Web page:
Board PoliticsThe vast majority of HOA and community association board members volunteer so they can do their part and give back to their communities. Politics doesn’t necessarily factor into your decision, but in reality, board members have been appointed or elected to a position that manages a large budget and essentially “governs” the community by enforcing covenants. There will always be residents who agree and disagree with your decisions, and some dissenters will most likely be vocal about their disapproval. Welcome to politics.

Congratulations! You’re now a politician

While you don’t need to shake hands and kiss babies every day, you should adopt some positive political attributes as you interact with other board members and the community at large. Think about the greater good, address the needs of the majority of your residents, and stay above reproach. Here are a few ideas to help you become a more politically savvy board member:

  • Build a board with a variety of backgrounds. This ensures that you’ll have more of the community represented when making important decisions. Disagreement is perfectly fine, and you may even learn from others’ differing opinions.
  • Set and share goals. What does the board want to accomplish this year? Try to get as specific as possible, like improving collections by 10%, renovating the clubhouse, or conducting a new reserve study. Then share your goals with the community.
  • Communicate early and often. Let residents know what’s going on, both successes and challenges. Provide more detail, and let residents decide what to read. We used the front page of our newsletter for monthly board updates.
  • Hold open board meetings. Communicate meeting dates and invite residents, even though they may never show up. Limit executive sessions to legal discussions. Post minutes, including financial reports, on your website or in the newsletter so everyone can see what’s going on.
  • Encourage participation. Especially when major decisions are being made, proactively solicit feedback from residents, ask for volunteers to lead task forces, and hold town hall meetings to answer questions. Then share all information with all residents to build support.
  • Maintain sound financial controls. Prepare and stick to your budget, keep your reserve account funded, and conduct regular financial audits. Share budget updates and audit results with residents to confirm the board is proactively maintaining the community’s financial health.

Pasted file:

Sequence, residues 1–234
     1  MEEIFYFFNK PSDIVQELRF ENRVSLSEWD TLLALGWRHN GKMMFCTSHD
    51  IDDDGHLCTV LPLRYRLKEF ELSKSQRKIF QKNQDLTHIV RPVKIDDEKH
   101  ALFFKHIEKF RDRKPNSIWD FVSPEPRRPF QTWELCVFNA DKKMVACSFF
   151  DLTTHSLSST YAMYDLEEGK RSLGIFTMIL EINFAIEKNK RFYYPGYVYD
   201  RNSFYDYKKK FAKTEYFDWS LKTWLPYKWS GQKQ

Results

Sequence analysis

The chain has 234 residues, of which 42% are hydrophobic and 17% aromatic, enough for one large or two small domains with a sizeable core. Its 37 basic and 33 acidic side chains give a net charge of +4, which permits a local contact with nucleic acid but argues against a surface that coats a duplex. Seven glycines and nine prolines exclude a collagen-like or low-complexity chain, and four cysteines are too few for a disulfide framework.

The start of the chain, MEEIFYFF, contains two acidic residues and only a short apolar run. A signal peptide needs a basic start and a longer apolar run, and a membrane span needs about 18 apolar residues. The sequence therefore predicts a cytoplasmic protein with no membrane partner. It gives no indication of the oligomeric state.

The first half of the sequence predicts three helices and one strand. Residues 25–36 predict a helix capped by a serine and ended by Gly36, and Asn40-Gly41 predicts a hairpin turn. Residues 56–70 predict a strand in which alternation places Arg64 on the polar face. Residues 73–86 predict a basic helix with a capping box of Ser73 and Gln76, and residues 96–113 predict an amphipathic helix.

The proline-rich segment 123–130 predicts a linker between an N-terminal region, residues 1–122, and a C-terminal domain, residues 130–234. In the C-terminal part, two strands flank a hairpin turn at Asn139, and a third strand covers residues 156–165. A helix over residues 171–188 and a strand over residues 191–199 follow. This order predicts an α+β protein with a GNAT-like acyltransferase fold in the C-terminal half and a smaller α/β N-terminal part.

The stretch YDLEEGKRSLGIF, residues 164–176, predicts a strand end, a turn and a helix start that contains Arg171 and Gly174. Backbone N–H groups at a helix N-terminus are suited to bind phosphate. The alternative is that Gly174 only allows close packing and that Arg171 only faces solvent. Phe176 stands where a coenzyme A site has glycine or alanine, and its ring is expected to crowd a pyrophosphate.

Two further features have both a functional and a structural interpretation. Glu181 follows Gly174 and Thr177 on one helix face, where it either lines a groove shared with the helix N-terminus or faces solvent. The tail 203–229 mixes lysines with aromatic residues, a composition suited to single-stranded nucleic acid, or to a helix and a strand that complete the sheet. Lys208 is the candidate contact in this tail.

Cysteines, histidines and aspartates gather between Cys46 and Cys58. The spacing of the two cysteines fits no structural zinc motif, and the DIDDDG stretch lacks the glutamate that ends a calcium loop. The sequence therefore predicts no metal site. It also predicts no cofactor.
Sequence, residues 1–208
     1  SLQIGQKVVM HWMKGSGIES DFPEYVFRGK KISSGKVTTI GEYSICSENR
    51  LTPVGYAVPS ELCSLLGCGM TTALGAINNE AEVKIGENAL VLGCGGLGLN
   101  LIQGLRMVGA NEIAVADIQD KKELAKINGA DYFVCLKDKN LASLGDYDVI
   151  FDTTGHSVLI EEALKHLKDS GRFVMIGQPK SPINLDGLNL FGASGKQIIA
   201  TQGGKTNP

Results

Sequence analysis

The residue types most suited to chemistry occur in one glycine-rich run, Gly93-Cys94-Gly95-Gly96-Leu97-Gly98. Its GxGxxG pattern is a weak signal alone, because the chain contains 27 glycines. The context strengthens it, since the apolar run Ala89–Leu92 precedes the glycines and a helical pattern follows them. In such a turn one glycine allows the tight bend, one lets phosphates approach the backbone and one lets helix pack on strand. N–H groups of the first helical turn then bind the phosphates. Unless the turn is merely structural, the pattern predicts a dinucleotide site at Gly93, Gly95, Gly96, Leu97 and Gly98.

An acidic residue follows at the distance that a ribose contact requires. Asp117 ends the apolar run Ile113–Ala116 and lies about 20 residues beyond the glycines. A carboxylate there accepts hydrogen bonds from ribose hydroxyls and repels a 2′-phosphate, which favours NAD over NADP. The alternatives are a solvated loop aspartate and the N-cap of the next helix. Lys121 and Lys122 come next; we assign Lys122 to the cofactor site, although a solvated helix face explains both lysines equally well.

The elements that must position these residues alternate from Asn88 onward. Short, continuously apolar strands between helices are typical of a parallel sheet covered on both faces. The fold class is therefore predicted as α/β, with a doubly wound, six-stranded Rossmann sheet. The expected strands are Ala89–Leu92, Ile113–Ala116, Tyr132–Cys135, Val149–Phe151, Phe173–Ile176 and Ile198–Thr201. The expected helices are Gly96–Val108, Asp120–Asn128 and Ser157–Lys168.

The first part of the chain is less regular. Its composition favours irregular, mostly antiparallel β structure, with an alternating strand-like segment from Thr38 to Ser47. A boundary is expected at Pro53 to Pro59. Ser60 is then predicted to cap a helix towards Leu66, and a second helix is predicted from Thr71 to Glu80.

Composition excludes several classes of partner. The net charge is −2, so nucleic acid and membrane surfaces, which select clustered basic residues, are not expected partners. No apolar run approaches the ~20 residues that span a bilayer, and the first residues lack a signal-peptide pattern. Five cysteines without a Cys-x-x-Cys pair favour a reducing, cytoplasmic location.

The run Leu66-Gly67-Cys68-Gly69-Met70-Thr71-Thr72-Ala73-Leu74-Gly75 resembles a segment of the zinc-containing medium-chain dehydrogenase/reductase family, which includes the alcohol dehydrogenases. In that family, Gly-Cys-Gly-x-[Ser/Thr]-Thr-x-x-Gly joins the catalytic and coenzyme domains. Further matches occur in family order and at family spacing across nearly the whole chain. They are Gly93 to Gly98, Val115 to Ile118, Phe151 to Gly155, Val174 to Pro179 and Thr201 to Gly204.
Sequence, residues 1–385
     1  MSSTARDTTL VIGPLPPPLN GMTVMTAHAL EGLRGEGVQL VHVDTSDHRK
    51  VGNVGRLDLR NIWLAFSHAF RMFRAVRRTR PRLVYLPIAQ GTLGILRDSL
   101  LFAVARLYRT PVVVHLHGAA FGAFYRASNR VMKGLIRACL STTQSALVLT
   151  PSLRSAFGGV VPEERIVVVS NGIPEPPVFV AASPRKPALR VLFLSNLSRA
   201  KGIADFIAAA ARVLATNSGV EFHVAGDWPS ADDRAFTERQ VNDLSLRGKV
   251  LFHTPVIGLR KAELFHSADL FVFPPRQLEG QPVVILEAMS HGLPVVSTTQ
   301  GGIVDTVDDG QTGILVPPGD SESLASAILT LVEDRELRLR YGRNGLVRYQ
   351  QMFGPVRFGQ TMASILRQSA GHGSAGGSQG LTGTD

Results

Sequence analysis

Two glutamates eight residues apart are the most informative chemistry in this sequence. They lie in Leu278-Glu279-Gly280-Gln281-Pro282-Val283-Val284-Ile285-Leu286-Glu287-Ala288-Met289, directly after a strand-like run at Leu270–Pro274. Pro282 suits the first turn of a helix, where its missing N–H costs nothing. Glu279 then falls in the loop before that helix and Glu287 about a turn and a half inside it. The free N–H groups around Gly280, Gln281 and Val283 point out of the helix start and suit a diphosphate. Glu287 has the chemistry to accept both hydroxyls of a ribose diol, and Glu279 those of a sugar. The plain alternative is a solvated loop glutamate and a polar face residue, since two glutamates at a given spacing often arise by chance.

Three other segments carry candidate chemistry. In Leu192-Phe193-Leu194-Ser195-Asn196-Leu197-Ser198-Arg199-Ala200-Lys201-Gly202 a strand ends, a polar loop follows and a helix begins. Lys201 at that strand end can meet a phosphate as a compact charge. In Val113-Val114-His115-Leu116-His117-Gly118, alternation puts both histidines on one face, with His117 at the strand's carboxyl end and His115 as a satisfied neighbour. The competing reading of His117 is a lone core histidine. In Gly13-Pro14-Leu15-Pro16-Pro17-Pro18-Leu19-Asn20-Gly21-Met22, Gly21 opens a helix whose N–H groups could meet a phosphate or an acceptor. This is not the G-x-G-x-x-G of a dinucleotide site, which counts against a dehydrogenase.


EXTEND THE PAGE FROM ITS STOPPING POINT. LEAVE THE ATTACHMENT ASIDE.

• Think about that “greater good.” Represent the entire community even if that sometimes conflicts with your own opinions. Consistently enforce the rules, even for other board members and friends.
  • Take the high road. Remember that you’re a leader, so you need to stay above the pettiness and personal attacks. It’s just a tactic to get you to react – don’t fall for it. Abide by the Golden Rule, and over time you’ll convert enemies into allies.

You serve the silent majority

Sometimes it may feel like everyone is unhappy, since most residents only communicate to the board when they have complaints. Remember the silent majority – all your neighbors who love the community and think you’re doing a great job. They just don’t openly express their approval as often as those with complaints.

Thank you for volunteering to serve on your community association board of directors. See beyond the occasional pettiness and know that you’re taking on a valuable and rewarding leadership role that protects the value of your community. Be a politically savvy board member, even when tough decisions have to be made and residents start complaining. When issues do arise, you’ll be in a position of strength to quickly address and resolve matters.

Neal Bach, CPA